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U.S. Forest Service

Plant of the Week

Cornus sericea range map. Cornus sericea range map. USDA PLANTS Database.

Cornus sericea. Umbel of white flowers and oval leaves of Cornus sericea from City Creek Canyon, Salt Lake County, Utah. Photo © Bill Gray.

Cornus sericea. Closeup of the flowers of Cornus sericea, from Bell’s Canyon, Salt Lake County, Utah. Photo © Steve Hegji.

Cornus sericea. Closeup of the white, berry-like fruits of Cornus sericea, fromBig Cottonwood Canyon, Salt Lake County, Utah. Photo © Steve Hegji.

Red Osier Dogwood (Cornus sericea L. ssp. sericea)

By Walter Fertig

Of the approximately 50 species of dogwood (genus Cornus) found worldwide, 16 are native to the United States. Red osier dogwood (Cornus sericea L. ssp. sericea) is our most widespread native species, occurring over most of the continent except for the southern Great Plains and the southeast. Cornus sericea is a 3 to 9 foot tall shrub that can be recognized by its flat, umbrella-like cluster of small four or five-petal white flowers and oval leaves with prominent veins that gently curl to trace the shape of the leaf margin. Red osier lacks the showy petal-like leafy bracts surrounding the flower clusters that are characteristic of the flowering dogwood (Cornus florida), but still makes a showy garden plant for its foliage and bright red stems (red-osier is French for “red willowy shoot” based on the resemblance of winter dogwoods to leafless willows.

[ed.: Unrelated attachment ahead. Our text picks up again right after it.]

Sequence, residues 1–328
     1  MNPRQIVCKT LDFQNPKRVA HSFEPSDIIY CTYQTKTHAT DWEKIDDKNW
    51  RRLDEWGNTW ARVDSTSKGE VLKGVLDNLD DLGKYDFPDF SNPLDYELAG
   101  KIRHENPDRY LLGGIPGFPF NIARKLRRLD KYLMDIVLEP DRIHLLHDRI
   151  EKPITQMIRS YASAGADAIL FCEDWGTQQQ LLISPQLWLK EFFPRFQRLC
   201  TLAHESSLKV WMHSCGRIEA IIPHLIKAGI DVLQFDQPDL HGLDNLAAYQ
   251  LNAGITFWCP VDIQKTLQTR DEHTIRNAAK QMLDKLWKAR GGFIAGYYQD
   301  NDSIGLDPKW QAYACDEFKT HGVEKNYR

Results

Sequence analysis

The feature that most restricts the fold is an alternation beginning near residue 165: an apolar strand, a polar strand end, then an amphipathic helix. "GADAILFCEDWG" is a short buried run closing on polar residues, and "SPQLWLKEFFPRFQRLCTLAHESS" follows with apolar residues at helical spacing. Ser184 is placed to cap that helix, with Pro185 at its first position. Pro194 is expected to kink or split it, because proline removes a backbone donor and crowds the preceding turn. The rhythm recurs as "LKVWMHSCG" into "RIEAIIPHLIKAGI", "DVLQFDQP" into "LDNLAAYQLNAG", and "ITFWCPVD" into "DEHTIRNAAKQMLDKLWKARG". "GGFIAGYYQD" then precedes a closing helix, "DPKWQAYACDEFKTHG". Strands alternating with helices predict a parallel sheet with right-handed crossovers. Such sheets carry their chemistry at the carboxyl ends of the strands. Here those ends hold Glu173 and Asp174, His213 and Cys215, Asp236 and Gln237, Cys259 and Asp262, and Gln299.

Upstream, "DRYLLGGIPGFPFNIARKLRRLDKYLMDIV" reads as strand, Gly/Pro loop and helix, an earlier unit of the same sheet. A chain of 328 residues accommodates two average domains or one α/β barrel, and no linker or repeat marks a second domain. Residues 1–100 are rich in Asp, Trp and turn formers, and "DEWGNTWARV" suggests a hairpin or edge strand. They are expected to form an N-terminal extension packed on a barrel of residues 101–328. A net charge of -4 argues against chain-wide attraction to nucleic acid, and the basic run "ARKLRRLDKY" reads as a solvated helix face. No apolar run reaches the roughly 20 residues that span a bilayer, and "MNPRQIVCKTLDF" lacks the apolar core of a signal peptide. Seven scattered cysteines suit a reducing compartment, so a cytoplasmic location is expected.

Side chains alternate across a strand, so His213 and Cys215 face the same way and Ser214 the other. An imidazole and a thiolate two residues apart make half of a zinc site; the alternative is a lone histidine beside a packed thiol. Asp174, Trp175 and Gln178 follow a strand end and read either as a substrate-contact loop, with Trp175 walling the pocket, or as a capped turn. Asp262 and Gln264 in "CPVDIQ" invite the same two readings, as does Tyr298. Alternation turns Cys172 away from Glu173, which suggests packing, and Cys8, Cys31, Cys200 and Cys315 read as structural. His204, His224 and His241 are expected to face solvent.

The most reliable way to identify any dogwood is to carefully break the petiole (leaf stalk) and slowly pull each half apart to reveal the stringy white pith inside. Pith is part of the network of fibers that give a stem its strength and flexibility. Dogwood pith is unusual in its rubbery elasticity which allows it to be pulled like cotton candy batter (though it is less edible and brightly colored).

Red-osier dogwood was one of several plants referred to as “kinnikinik” by American Indians for its use as a tobacco substitute. The inner bark of young stems was split and scraped into threads and toasted over a fire before being mixed with real tobacco. Edible plant enthusiast H.D. Harrington wrote that Red-osier “is said to be aromatic and pungent, giving a narcotic effect approaching stupefaction”. He recommended its use only in moderation.

For centuries, humans have also used the hard wood of dogwood for basketry, wicker, farm implements, and weaving shuttles. The word dogwood, in fact, is a corruption of the Scandinavian term “dag” meaning skewer (for the hardened sticks used to roast meat). Although the word has nothing to do with our canine companions, it still allows for the clever botanical joke, always worth repeating: How do you tell it is a dogwood? By its bark, of course!

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